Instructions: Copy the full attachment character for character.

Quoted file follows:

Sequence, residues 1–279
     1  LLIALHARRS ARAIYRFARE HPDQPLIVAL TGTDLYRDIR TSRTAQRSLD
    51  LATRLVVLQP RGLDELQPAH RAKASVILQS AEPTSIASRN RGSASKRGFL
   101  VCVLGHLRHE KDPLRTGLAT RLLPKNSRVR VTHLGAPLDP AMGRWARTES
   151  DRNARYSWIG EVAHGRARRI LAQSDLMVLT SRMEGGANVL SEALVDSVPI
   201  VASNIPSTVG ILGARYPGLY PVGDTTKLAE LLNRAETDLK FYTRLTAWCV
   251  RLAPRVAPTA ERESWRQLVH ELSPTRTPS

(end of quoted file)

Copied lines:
Sequence, residues 1–279
     1  LLIALHARRS ARAIYRFARE HPDQPLIVAL TGTDLYRDIR TSRTAQRSLD
    51  LATRLVVLQP RGLDELQPAH RAKASVILQS AEPTSIASRN RGSASKRGFL
   101  VCVLGHLRHE KDPLRTGLAT RLLPKNSRVR VTHLGAPLDP AMGRWARTES
   151  DRNARYSWIG EVAHGRARRI LAQSDLMVLT SRMEGGANVL SEALVDSVPI
   201  VASNIPSTVG ILGARYPGLY PVGDTTKLAE LLNRAETDLK FYTRLTAWCV
   251  RLAPRVAPTA ERESWRQLVH ELSPTRTPS